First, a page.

65. Alfred Edersheim, The Life and Times of Jesus the Messiah, 3d ed. (Oxford, 1886; reprint, Grand Rapids, Mich.: Eerdmans, 1971), 234–39; Georg Eichholz, Gleichnisse der Evangelien: Form, Uberlieferung, Auslegung (Neukirchen: Neukirchener Verlag, 1971), 153–63.

66. J. Duncan M. Derrett, Law in the New Testament (London: Darton, Longman and Todd, 1970), 220–22, 226.

67. W. J. Masson, “The Parable of the Good Samaritan,” Expository Times 48 (1936–37): 179–81; Joachim Jeremias, The Parables of Jesus, rev. ed. (New York: Charles Scribner’s Sons, 1963), 202–5; Binder, “Das Gleichnis vom barmherzigen Samariter,” 176–94; Spicq, “Charity of the Good Samaritan,” 221; Craig A. Evans, Luke, New International Biblical Commentary (Peabody, Mass.: Hendrickson, 1990), 176; Craig S. Keener, The IVP Bible Background Commentary: New Testament (Downers Grove, Ill.: InterVarsity Press, 1993), 218; David Ravens, Luke and the Restoration of Israel, Journal for the Study of the New Testament Supplement Series, ed. Stanley E. Porter, vol. 119 (Sheffield, Eng.: Sheffield Academic Press, 1995), 82–83. Sharon Ringe, however, speculates that the priest and Levite are traveling away from Jerusalem and therefore cannot be concerned about ritual purity. Sharon H. Ringe, Luke, Westminster Bible Companion, ed. Patrick D. Miller and David L. Bartlett (Louisville: Westminster John Knox, 1995), 159.

68. S. Brent Farley, “The Calling of the Seventy and the Parable of the Good Samaritan (Luke 10:1–37),” Studies in Scripture, 5:318.

69. Douglas E. Oakman, “Was Jesus a Peasant? Implications for Reading the Samaritan Story (Luke 10:30–35),” Biblical Theology Bulletin 22 (fall 1992): 121–22. When Jews in that time period embarked on a journey, they prayed: “May it be Thy will,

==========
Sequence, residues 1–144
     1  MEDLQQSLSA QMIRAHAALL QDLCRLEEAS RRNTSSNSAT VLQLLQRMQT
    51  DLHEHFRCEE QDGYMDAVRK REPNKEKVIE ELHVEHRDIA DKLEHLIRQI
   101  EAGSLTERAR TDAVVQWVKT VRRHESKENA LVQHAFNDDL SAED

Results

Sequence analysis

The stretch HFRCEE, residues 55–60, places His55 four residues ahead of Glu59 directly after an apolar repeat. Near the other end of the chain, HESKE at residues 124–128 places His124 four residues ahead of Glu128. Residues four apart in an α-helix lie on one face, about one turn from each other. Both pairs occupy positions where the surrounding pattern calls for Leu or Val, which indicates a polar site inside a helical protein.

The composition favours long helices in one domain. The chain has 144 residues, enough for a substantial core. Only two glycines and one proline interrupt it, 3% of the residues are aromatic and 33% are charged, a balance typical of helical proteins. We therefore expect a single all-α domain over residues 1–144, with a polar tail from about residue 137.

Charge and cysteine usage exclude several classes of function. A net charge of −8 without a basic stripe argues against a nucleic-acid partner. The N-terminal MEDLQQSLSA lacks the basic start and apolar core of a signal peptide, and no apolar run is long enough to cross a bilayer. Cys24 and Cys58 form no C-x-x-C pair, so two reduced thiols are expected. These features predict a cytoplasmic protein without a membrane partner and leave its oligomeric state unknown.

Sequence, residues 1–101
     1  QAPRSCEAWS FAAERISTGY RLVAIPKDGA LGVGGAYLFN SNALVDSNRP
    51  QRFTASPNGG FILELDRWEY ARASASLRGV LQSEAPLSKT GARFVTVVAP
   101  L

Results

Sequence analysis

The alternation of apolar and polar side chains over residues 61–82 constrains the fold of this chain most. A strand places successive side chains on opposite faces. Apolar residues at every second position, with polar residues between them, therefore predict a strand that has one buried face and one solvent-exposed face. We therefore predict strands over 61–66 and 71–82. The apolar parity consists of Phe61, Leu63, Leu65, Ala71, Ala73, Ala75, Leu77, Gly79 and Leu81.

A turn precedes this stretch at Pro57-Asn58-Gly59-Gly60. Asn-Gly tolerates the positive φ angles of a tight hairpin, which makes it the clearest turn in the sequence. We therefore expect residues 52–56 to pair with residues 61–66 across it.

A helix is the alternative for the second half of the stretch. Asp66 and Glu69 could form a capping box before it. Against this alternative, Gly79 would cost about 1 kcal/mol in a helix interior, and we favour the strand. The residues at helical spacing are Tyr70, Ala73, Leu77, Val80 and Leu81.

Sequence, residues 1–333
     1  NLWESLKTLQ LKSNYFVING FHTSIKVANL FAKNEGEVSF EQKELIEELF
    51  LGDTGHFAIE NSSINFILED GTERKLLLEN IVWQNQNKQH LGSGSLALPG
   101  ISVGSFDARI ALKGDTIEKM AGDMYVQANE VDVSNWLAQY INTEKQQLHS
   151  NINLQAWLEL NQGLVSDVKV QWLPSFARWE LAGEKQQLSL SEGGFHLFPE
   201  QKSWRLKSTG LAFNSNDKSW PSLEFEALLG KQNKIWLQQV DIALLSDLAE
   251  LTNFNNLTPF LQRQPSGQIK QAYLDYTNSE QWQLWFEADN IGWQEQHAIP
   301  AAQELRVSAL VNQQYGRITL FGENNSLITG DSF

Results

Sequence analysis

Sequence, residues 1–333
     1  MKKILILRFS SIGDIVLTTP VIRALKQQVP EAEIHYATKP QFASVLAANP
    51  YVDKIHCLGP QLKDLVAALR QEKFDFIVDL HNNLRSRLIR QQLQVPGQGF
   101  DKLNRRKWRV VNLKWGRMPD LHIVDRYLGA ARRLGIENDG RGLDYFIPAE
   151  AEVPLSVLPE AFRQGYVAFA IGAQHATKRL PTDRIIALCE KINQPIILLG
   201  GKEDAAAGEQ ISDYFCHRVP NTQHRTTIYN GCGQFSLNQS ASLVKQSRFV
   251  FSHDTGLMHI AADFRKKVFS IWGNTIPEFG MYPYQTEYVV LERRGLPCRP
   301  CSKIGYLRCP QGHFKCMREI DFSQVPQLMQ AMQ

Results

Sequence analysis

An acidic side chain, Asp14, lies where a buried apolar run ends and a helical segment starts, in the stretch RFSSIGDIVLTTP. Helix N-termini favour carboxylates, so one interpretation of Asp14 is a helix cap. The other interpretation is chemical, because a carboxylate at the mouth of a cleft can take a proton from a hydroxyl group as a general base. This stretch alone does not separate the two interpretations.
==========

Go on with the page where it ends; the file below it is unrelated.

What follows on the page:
O Lord my God, to lead me forth in peace, and direct my steps in peace and uphold me in peace, and deliver me from the hand of every enemy and ambush by the way.” Berakoth 29b, Soncino Talmud. Ringe, however, goes so far as to think that some in Jesus’ audience “may well have seen the robbers as the only sympathetic characters
in the story. Some might even have engaged in such activity [as freedom fighters] themselves.” Ringe, Luke, 158–59.

70. Derrett, Law in the New Testament, 220–21.

71. Oakman, “Was Jesus a Peasant?” 122; Ringe, Luke, 158: “Decent people would avoid them at all cost.”

72. Derrett, Law in the New Testament, 218–19; I. Howard Marshall, The Gospel of Luke: A Commentary on the Greek Text (Exeter: Paternoster, 1978), 449–50.

73. Joseph A. Fitzmyer, The Gospel according to Luke (X–XXIV), The Anchor Bible (New York: Doubleday, 1964), 884; Eric Franklin, Christ the Lord: A Study in the Purpose and Theology of Luke–Acts (London: SPCK, 1975), 158; Eta Linnemann, Jesus of the
Parables
(New York: Harper and Row, 1967), 54; Frederick Houk Borsch, Many Things in Parables (Philadelphia: Fortress, 1988), 64–71.

74. Oakman, “Was Jesus a Peasant?” 117–25.

75. Kristján Búason, “The Good Samaritan, Luke 10:25–37: One Text Three Methods,” in Luke–Acts: Scandinavian Perspectives, ed. Petri Luomanen (Vandenhoeck: Finnish Exegetical Society, 1991), 1–35.

76. Farmer, International Bible Commentary, 1407; see also Francis Zerwick, “The Good Samaritan,” Furrow 6 (1955): 293, who argues that it was “likely that the man lying in his blood was their brother, a Jew like themselves.”

77. Ringe, Luke, 158.

78. Evans believes that in this parable Christ teaches a higher law: that the Old Testament commandment to love one’s neighbor also extends to foreigners. But this seems unlikely on two accounts: it is unclear that the Samaritan has loved a foreigner, and the point is not that one should love the Samaritan (a foreigner) but rather be like him. Evans, Luke, 177.

79. John Bowman, “The Parable of the Good Samaritan,” Expository Times 59 (1947–48): 151–53.